Fantasy News & Analysis

100 Questions: The fantasy outlook for the New York Giants

East Rutherford, NJ, USA; New York Giants quarterback Eli Manning (10) passes the ball against the Washington Redskins during the second half at MetLife Stadium. Mandatory Credit: Vincent Carchietta-USA TODAY Sports

(With training camps starting soon around the league, we’re looking ahead at the 2019 fantasy football season and attempting to answer the burning questions around the league. For each team, we’ll ask, and hopefully answer, 3-4 questions about their season to come in fantasy. This is 100 Questions.)

For better or worse, the New York Giants have an argument as the most interesting team in the NFL. And that holds true for fantasy as well, as even as the team’s NFL fortunes have turned south in recent seasons, the team has at times had very noteworthy fantasy names at running back, wide receiver, and tight end … and yes, even quarterback at times (Eli Manning was a top-seven fantasy quarterback as recently as 2015).

So even as the Giants enter the 2019 season with a Vegas over/under win total of 5.5 (third-worst in the league), the team carries massive fantasy potential at multiple positions. Giants fans might get frustrated, but fantasy managers can have fun.

#54: Is there fantasy potential left in Eli Manning? Or will it be Daniel Jones time in 2019?

As mentioned above, Manning isn’t very far removed from an excellent fantasy season, putting up 309.5 fantasy points in 2015 and ranking seventh. He plummeted to 210.3 points in 2017 before rebounding to 253.0 last year, but since the QB1 average went up almost 40 points at the same time, his climb isn’t as impressive as the surface numbers might indicate. There have been rumors of the Giants eventually putting Manning out to pasture for years now, and those are only going to get louder since they took Duke QB Jones with the No. 6 pick in this year’s draft.

Best guess: Having maybe the league’s No. 1 running back, a top-six tight end, and two strong wide receivers is always a blessing. Then again, Manning arguably had an even stronger supporting class last year and only finished 17th. If I’m casting my best, I think Manning actually starts all 16 games in 2019 before moving to the bench or another team in 2020. That said, he’s currently going undrafted (per Fantasy Football Calculator ADP) and is the No. 29 quarterback in our PFF Fantasy staff rankings, so he’s essentially free no matter how you handle it. If you want to take a shot on a dead-cat bounce, be my guest, but definitely don’t get yourself into a position where you are relying on Eli Manning.

#55: Are Golden Tate and Sterling Shepard going to cannibalize one another?

On one hand, pairing the new signee Tate with holdover Giant Shepard feels redundant; both rank among the top five in slot targets across the last three seasons, and having two slot receivers in the same offense (to say nothing of tight end Evan Engram and big-time receiver RB Saquon Barkley) feels like overkill. On the other hand, despite running a lot of their routes from the same place, Tate and Shepard had very different average depths of target in recent seasons. In 2018, Shepard’s aDOT was 10.74 yards, compared to 6.75 for Tate. That’s the biggest gap between the two since Shepard enter3d the league, but he’s had at least a one-yard aDOT lead over Tate every year.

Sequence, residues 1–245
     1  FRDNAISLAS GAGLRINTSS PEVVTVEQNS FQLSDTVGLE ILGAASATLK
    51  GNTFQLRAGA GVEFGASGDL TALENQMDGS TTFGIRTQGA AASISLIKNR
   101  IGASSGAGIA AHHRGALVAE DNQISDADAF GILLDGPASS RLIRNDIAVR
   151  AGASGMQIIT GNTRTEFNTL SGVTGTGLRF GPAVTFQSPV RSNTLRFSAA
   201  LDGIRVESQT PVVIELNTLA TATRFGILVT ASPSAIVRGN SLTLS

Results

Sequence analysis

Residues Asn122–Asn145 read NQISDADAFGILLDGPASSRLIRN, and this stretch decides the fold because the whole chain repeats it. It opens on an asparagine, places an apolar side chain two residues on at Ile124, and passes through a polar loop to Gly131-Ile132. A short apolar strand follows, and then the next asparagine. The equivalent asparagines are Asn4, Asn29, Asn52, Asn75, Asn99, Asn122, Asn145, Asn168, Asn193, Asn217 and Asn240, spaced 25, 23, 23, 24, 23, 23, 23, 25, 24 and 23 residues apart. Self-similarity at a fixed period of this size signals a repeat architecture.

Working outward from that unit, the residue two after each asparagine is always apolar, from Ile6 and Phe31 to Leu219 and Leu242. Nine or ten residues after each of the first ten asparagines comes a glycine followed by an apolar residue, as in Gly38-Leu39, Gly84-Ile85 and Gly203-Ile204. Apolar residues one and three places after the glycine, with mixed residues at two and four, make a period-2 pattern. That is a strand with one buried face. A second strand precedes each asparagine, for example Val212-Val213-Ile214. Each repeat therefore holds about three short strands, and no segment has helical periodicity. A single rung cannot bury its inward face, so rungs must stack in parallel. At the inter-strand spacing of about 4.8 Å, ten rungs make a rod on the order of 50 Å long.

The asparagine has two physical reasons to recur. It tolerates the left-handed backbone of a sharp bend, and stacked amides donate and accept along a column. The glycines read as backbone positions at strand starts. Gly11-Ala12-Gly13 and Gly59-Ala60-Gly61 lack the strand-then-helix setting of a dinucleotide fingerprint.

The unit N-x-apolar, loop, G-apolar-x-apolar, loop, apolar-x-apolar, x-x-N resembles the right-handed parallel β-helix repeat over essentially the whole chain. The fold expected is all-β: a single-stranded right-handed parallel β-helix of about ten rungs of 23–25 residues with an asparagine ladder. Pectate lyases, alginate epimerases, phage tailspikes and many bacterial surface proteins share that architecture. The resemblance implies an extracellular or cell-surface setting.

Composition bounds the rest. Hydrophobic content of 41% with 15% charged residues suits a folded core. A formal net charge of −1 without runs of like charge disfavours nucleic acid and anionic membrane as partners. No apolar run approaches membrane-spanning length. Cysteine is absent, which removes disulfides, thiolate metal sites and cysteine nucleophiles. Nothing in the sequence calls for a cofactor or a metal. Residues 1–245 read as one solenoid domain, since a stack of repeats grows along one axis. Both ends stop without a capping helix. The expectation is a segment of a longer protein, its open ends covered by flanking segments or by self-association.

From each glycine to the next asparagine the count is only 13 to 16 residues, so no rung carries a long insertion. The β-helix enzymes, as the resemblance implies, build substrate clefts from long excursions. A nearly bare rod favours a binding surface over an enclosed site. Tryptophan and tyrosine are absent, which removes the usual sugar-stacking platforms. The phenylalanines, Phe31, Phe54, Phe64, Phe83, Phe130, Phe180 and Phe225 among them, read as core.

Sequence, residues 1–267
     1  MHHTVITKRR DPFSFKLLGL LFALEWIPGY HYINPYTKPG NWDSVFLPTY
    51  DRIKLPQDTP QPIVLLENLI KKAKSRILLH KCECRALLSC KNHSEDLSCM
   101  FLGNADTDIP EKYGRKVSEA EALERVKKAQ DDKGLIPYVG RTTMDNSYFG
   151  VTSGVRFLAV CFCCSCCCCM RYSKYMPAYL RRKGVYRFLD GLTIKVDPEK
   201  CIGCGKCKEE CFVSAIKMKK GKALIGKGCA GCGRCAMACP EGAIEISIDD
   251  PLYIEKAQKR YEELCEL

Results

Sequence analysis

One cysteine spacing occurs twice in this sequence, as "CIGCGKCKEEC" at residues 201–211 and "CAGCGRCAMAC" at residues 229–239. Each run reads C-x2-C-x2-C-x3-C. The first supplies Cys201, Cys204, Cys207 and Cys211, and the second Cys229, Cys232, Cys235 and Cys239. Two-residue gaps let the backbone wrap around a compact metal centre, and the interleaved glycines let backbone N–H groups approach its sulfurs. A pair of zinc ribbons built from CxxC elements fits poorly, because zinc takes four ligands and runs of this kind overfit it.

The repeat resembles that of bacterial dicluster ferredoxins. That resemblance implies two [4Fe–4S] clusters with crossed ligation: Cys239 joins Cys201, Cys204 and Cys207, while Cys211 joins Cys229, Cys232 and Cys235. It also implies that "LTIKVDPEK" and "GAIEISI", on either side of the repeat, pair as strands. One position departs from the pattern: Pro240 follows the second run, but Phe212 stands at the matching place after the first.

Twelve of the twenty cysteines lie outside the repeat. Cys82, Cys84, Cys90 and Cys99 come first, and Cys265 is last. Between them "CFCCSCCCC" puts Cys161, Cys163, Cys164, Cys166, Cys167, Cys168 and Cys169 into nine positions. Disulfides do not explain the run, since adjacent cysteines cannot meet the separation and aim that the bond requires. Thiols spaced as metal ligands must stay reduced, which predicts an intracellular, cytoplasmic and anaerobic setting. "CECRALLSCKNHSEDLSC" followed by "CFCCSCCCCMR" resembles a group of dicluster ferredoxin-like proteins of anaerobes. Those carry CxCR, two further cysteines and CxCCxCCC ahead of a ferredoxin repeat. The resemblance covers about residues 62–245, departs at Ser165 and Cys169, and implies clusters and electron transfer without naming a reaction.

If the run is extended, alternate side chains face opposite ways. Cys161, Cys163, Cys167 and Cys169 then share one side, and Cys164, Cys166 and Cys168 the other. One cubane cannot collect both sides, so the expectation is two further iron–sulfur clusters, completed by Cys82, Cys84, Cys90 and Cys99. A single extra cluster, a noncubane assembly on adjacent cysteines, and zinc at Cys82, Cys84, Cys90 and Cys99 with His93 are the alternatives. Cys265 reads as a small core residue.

Best guess: When Odell Beckham Jr. got hurt in 2018, Shepard got a chance to play out wide, and it went well enough; his yards per reception climbed from 12.3 to 16.7, while his after-catch average jumped from 4.6 to 5.6. It was only four games, but with Tate in town now, it seems like Shepard will have to go out wide more. The end result is a coin-flip between the two; not because they are robbing one another, but because they are in different roles. ADP has Shepard going nine spots ahead of Tate in current ADP, while Tate is six spots higher in our PFF Fantasy staff rankings. Pick your poison.

#56: Does Beckham’s departure matter for Engram’s fantasy stock?

Over his two-year career, Engram has fared far better without Beckham in the lineup (13.3 PPR points, 7.6 targets per game) than with (8.9, 5.2). That has helped Engram to the fifth-best PPR-point-per-game average at the tight end position over those two years, behind (unsurprisingly) Travis Kelce, Zach Ertz, Rob Gronkowski, and George Kittle. So in theory, Beckham’s departure should have Engram sitting pretty — that 13.3-point average would tie Gronkowski for third-best.

Best guess: Regardless of whether Beckham’s departure helps, hurts, or has no impact on Engram, his draftable range is a small one in 2019. He’s not likely to crack the top three of Kelce, Ertz, and Kittle. He’s not likely to fall out of the next tier. In other words, Engram could be drafted as high as fourth among tight ends or as low as sixth. Personally, he’s at the bottom of my rankings among that group, in sixth place behind O.J. Howard and Hunter Henry. That’s also where he fares in ADP and our staff rankings. Beckham is gone, but Barkley and Shepard are still around, and Tate will get his share. I don’t trust Engram to outperform the other members of his tier.

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